Chronic prostatitis and cycling - Men's Health Forum

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Chronic prostatitis and cycling

Thehillbill profile image

I am posting here, to see if anyone has any comments on the connection between prostatitis/utis and cycling. I've had ( at least ) two instances, where there has been pretty conclusive evidence of a direct causal link between my cycling and a UTI, which the urologist concludes is connected with chronic prostatitis. Whether this is bacterial or non-bacterial appears to be very difficult to confirm. The UTI clears up readily with Macrobid, or UriFos. But the lingering dull ache continues intermittently. I don't have any classic prostate and urinary or sexual issues and a recent PSA test shows a reading of 1.2 - for what thats worth. A consultant with very respected credentials tells me that I need to be ' aggressive ' and drive out the deep seated infection ...without being certain it is a bacterial problem. Ciprofloxacin was one of the cocktail recommended, and I am not able to commit to taking that rather brutal course, as the side effects don't look good for a 66 year old, who is very active, both on and off the road bike.

So, I am interested initially in seeing if anyone else has anything to contribute on this subject. Thanks

12 Replies

External trauma and internal infection do not appear to be linked. How is external trauma introducing infection to an internal organ?

This is a helpful article:

Thehillbill profile image
Thehillbill in reply to

Thanks. I had seen this interesting article. I think the theory goes something like this: bulbar urethra lies in the perineum quite close to the surface, and repeated trauma due to bad seat or clothing can set up inflammation which can lead to infection, which can become chronic. Of course the prostate is nowhere near the perineum so the seat related trauma could never directly affect the prostate gland. But it’s all a bit of conjecture really! Thanks for your input.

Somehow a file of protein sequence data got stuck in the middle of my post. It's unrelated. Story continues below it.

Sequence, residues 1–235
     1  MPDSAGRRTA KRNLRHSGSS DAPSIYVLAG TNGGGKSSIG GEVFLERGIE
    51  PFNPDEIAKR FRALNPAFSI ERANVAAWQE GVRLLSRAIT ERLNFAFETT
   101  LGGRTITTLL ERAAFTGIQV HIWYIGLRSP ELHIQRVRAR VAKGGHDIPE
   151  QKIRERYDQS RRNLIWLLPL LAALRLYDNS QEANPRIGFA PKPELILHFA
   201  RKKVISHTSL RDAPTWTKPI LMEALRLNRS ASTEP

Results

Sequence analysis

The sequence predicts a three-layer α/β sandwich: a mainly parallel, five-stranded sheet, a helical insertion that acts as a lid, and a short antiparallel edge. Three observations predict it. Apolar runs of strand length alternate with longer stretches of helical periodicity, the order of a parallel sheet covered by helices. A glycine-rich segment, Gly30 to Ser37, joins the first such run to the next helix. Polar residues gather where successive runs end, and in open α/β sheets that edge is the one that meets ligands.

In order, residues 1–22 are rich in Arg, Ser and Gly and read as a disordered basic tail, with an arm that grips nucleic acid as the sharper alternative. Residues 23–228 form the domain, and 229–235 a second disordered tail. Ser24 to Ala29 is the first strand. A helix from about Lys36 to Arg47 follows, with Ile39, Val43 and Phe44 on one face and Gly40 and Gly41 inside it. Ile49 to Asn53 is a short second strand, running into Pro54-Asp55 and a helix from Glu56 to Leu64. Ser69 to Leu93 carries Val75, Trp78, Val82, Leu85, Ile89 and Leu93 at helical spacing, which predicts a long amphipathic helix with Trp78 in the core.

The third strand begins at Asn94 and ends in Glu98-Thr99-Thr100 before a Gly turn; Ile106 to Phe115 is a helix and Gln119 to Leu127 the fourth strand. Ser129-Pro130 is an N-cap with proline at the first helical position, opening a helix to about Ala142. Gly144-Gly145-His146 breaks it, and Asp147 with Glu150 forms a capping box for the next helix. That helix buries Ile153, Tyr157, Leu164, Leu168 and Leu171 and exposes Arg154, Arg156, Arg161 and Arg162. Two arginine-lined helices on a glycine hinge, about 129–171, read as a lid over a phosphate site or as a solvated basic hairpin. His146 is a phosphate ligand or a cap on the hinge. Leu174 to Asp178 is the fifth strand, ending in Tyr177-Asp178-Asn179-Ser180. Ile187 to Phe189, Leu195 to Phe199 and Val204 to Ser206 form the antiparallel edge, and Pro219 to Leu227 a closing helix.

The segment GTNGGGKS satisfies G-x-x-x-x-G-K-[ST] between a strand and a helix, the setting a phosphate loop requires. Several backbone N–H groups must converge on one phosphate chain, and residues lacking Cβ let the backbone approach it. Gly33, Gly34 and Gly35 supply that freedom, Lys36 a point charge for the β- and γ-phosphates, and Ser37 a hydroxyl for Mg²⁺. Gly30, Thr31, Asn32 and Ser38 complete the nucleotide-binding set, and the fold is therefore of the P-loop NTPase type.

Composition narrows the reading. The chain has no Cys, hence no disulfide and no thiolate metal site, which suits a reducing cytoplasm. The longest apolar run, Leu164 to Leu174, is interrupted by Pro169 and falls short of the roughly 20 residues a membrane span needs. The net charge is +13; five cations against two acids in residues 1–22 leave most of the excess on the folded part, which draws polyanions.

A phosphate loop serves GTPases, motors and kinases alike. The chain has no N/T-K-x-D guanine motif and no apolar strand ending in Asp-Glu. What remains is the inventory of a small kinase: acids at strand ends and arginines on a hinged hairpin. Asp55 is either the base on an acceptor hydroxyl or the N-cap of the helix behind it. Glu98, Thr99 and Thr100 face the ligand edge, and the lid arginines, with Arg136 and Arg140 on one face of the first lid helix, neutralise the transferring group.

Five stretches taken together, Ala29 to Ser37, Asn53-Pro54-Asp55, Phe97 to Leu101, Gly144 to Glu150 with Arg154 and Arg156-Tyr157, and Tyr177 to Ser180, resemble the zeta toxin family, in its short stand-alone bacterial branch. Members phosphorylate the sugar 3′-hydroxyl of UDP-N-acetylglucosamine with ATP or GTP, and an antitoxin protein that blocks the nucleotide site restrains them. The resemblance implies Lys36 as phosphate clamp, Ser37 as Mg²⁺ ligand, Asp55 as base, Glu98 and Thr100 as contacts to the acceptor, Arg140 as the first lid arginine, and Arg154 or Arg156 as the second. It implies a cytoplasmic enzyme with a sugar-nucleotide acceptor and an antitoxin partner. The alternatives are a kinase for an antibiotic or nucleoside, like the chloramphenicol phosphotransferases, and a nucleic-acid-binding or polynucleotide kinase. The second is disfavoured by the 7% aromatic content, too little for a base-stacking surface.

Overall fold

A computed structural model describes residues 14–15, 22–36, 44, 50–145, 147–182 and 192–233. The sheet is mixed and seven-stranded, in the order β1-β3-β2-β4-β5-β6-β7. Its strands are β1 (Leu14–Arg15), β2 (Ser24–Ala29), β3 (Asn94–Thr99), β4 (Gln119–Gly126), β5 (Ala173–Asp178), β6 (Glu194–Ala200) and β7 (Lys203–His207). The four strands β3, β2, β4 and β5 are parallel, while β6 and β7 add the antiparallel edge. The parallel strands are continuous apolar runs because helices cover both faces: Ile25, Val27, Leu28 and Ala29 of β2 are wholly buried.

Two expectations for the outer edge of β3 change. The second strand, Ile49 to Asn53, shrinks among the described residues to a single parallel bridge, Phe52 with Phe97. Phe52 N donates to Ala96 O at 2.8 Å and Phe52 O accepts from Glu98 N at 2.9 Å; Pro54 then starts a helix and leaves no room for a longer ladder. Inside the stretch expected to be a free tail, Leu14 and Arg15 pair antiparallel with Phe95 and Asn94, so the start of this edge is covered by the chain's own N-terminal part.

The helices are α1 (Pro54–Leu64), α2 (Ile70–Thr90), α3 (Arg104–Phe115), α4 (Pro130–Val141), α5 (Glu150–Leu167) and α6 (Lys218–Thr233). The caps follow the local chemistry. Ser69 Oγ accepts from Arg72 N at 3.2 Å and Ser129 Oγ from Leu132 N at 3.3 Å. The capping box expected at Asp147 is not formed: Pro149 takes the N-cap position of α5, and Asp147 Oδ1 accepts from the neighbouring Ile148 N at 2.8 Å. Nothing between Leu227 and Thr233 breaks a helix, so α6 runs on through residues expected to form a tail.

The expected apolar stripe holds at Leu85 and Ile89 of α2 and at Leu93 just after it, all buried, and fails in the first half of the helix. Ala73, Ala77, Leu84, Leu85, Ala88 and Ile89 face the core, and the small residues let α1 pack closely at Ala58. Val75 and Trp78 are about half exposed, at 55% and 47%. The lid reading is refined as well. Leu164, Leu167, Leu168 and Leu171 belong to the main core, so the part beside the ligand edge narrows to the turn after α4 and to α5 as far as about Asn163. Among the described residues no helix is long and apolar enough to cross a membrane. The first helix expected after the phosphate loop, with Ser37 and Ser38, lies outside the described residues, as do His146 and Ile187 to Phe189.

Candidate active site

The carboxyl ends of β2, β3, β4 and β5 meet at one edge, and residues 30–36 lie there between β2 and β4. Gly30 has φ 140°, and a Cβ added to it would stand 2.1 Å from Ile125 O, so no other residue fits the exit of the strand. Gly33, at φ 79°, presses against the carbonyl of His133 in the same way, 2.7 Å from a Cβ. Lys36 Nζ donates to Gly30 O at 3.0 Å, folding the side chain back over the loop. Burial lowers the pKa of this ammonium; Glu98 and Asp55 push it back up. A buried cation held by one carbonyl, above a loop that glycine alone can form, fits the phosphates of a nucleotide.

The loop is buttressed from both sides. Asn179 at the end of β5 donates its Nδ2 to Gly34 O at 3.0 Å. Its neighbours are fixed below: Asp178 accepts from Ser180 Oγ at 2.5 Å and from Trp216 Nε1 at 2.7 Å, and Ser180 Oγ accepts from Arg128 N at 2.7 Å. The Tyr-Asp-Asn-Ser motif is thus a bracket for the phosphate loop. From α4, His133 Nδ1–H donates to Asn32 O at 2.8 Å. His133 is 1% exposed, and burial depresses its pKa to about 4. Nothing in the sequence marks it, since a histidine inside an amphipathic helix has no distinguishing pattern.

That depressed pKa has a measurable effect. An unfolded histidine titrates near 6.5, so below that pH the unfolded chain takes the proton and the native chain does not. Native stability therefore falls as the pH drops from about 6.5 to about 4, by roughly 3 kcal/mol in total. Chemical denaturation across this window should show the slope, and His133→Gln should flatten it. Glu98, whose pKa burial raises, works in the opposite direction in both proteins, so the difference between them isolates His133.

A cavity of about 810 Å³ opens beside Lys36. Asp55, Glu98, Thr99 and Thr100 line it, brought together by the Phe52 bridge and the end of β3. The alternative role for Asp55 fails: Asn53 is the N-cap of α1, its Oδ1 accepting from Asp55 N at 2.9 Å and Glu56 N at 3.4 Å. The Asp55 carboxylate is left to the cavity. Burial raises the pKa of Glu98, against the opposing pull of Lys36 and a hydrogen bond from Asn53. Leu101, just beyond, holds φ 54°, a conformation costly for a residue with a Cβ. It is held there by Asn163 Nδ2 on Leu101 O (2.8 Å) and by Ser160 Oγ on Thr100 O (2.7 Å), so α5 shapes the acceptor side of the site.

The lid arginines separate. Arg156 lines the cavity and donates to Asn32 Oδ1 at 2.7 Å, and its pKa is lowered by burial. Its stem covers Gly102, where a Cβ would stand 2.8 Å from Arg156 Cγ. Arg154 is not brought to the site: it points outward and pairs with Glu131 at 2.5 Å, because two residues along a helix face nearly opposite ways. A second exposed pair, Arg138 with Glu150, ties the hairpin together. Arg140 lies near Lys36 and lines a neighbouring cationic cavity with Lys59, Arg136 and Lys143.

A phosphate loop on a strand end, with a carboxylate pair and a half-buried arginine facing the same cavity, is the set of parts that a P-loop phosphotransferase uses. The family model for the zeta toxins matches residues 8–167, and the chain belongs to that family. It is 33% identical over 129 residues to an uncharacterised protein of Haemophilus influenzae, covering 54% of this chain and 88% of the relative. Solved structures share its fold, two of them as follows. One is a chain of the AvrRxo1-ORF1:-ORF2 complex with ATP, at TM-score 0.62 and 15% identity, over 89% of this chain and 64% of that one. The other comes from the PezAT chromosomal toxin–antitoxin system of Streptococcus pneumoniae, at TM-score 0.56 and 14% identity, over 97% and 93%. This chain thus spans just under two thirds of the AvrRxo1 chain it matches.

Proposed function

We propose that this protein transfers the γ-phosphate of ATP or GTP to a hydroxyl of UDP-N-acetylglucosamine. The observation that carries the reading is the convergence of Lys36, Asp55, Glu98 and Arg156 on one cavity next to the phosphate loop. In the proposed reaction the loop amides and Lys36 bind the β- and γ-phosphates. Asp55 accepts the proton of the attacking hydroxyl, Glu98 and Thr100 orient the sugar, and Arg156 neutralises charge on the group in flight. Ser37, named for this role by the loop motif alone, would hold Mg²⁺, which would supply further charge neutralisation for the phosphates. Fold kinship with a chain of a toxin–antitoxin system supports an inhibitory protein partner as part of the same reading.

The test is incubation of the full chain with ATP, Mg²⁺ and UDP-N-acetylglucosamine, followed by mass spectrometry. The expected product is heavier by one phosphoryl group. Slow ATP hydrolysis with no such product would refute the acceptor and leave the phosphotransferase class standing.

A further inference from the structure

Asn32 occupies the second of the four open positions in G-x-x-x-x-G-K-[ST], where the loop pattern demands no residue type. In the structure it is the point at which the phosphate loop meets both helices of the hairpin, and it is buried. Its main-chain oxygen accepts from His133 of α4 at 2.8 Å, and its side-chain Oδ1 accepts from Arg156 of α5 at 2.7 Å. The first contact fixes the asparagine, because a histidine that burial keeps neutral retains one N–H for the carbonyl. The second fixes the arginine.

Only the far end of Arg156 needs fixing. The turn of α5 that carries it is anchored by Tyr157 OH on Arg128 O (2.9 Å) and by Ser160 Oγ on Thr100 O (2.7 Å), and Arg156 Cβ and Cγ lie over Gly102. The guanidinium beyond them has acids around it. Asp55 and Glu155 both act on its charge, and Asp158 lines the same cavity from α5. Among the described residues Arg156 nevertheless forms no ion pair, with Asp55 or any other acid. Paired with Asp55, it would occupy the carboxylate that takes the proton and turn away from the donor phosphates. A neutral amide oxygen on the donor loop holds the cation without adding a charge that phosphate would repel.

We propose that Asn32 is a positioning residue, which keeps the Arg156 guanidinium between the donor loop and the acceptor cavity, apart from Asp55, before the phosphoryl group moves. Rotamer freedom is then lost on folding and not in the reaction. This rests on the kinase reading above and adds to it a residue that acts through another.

in reply to Thehillbill

Where does the infection come from? That is what I am struggling with. Unless of course the infection is always there and never quite goes.

Hi....I too have been similarly plagued for a number of years - long bouts of cycling - or not building myself up gradually when first venturing out after winter leading to chronic prostatitis - being treated with Ciprofloxacin amongst other things. I have had lots of tests over years trying to work out what was causing it and a camera down my urethra and plenty of finger exams over the years and its the same trigger - cycling. I took a year off with no problems for it to come back after 3 weeks back doing it. I have found putting on a bit of weight hasn't helped so I suppose losing more might help reduce it. Sometimes I can sense there will be a problem - the first symptom I get is the feeling of glass between my anus and testicles - maybe the day after a ride and maybe an hour cycling - so not a long cycle - and I have tried taking paracetamol for a couple of days and headed it off successfully - other times I need to see a GP as I had developed Flu like symptoms and then the nagging madness down there which I now know is prostatitis. I saw a urologist and his view was not to give up if I enjoyed it but try some different seating and ease myself in - doing shorter cycles and raising myself up every now and then. I did some research and purchased a couple of seats - there are quite a lot of prostate friendly ones - but the one I find the best is this one at the end - its not sporty and my mates tease me for it being quite big but it can be adjusted by removing and adjusting some hidden pegs to allow more movement in your hips so easing continuous pressure - and I find that my weight ( 15st 10lb) is spread more evenly and not pressing on my prostate like a traditional seat. Having read other forums trying to work out what my issue was it seems some people are more affected by pressure there than others. The seat I use is a - SQ Lab Saddle 621 Active - worth a try exploring some seating options....